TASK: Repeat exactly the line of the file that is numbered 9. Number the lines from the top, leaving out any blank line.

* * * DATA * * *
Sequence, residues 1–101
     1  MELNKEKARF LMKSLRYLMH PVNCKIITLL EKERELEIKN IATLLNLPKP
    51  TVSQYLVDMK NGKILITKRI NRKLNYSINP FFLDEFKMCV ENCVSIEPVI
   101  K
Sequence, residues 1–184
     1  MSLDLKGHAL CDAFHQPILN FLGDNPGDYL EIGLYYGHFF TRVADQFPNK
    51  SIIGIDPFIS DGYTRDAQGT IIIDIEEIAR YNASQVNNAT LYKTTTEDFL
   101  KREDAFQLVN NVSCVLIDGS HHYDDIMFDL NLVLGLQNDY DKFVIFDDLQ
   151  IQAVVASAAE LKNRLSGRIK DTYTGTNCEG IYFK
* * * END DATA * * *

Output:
   151  IQAVVASAAE LKNRLSGRIK DTYTGTNCEG IYFK